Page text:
The company Clinique offers the following two scents: Happy and Happy to Be.
My pointed elbows swinging around in my haste to get ready one morning, I bump Happy off the counter and watch as he topples off, onto my square-tiled ceramic bathroom floor. In the few seconds before impact, I secretly pray that Happy might make it. Maybe, the bottle won’t break. Catastrophe averted, I will smile and think: yeah, how lucky am I?
The glass smacks to the floor and I watch as the bottle splinters into a jigsaw puzzle of bits of smaller and larger pieces.
Humpty Dumpty sat on a wall,
Humpty Dumpty had a great fall.
Sadly, Happy to Be suffered a similar fate months earlier.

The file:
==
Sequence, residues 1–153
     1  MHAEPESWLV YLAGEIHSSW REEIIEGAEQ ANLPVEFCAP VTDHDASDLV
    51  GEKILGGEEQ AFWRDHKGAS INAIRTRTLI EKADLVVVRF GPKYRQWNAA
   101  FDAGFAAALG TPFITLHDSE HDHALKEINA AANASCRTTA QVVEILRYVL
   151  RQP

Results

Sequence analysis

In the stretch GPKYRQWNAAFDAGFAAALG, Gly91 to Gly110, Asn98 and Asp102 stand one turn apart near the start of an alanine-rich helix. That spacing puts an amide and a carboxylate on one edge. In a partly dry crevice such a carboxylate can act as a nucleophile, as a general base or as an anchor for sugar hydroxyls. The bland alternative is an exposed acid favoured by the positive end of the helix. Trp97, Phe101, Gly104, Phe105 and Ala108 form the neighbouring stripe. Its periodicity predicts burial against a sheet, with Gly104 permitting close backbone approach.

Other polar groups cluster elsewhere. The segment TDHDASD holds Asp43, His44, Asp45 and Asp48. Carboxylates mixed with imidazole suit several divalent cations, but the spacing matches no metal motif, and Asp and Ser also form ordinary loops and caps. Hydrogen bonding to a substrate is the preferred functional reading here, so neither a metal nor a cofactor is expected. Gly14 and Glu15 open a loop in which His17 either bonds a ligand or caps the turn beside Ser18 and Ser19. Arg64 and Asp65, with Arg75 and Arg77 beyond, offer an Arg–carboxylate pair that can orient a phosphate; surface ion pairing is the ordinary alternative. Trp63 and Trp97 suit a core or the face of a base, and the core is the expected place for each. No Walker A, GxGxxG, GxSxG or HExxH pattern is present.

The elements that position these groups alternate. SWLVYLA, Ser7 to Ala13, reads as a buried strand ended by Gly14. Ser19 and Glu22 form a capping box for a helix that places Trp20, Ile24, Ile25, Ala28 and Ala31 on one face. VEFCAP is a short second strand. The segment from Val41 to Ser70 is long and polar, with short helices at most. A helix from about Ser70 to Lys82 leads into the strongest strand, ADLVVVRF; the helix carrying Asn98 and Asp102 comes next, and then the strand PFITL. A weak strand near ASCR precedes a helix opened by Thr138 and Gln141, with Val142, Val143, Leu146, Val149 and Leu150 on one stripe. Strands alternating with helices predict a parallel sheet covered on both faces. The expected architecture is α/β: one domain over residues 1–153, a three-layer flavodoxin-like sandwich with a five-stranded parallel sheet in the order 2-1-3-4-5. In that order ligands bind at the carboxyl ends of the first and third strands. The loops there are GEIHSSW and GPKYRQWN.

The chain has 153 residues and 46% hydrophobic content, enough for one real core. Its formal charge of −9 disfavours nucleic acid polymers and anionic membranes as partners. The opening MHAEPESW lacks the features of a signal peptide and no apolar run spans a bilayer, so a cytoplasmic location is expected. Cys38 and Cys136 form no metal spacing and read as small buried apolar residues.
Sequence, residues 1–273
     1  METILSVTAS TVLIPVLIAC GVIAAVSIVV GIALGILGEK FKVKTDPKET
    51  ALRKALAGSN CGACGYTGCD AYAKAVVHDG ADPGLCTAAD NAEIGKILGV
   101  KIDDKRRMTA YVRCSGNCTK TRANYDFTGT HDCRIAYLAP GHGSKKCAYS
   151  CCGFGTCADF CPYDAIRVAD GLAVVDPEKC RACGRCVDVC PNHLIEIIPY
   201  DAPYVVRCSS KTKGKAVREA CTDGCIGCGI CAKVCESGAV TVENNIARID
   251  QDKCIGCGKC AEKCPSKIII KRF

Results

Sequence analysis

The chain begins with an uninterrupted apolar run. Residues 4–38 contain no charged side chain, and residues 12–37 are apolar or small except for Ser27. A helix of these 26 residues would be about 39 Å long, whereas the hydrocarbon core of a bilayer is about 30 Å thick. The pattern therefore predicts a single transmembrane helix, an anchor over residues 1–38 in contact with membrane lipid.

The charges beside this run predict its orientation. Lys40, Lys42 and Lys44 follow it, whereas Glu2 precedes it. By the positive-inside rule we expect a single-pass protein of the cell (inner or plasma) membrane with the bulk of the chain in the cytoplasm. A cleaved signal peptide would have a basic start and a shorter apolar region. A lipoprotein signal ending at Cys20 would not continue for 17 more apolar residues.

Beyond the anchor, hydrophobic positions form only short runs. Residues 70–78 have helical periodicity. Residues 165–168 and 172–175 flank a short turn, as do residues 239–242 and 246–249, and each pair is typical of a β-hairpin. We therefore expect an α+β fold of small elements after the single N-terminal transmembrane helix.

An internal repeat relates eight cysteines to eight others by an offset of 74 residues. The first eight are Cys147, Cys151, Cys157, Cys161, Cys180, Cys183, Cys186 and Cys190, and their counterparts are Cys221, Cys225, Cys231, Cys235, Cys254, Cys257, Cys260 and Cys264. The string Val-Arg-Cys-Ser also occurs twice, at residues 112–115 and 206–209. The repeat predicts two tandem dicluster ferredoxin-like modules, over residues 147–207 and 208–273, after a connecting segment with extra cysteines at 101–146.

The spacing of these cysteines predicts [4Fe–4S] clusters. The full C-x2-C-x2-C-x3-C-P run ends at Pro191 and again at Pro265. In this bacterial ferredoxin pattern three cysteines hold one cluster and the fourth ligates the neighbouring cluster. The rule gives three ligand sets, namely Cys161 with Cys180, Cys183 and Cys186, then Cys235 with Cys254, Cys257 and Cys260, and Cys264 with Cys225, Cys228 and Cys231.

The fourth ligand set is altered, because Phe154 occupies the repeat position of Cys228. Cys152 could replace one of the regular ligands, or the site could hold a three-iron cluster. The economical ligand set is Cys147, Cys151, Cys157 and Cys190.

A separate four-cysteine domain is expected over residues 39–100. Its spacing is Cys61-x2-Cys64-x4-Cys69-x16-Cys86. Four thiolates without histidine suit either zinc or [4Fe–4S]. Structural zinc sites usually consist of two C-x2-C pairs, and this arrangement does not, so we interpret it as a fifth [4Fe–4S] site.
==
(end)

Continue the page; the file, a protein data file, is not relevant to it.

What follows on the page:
The overwhelming scent of too much Happy burns my olfactory senses, smothering me.
I see my reflection in the bathroom mirror. Lines cross my forehead, laugh lines flatten, nostrils burn, eyes run cold with this thought: I’m not even allowed to own a bottle of perfume called Happy! I am pissed with the irony of it all.
This reckoning causes the image in the mirror to begin another transformation. A new set of lines map a different network on my face. I break into pieces like Happy, scattered at my feet. I can’t watch it happen and for my own protection; my head falls forward avoiding my reflection.
I sob, wishing for happiness instead.
First published in The Commonline Journal.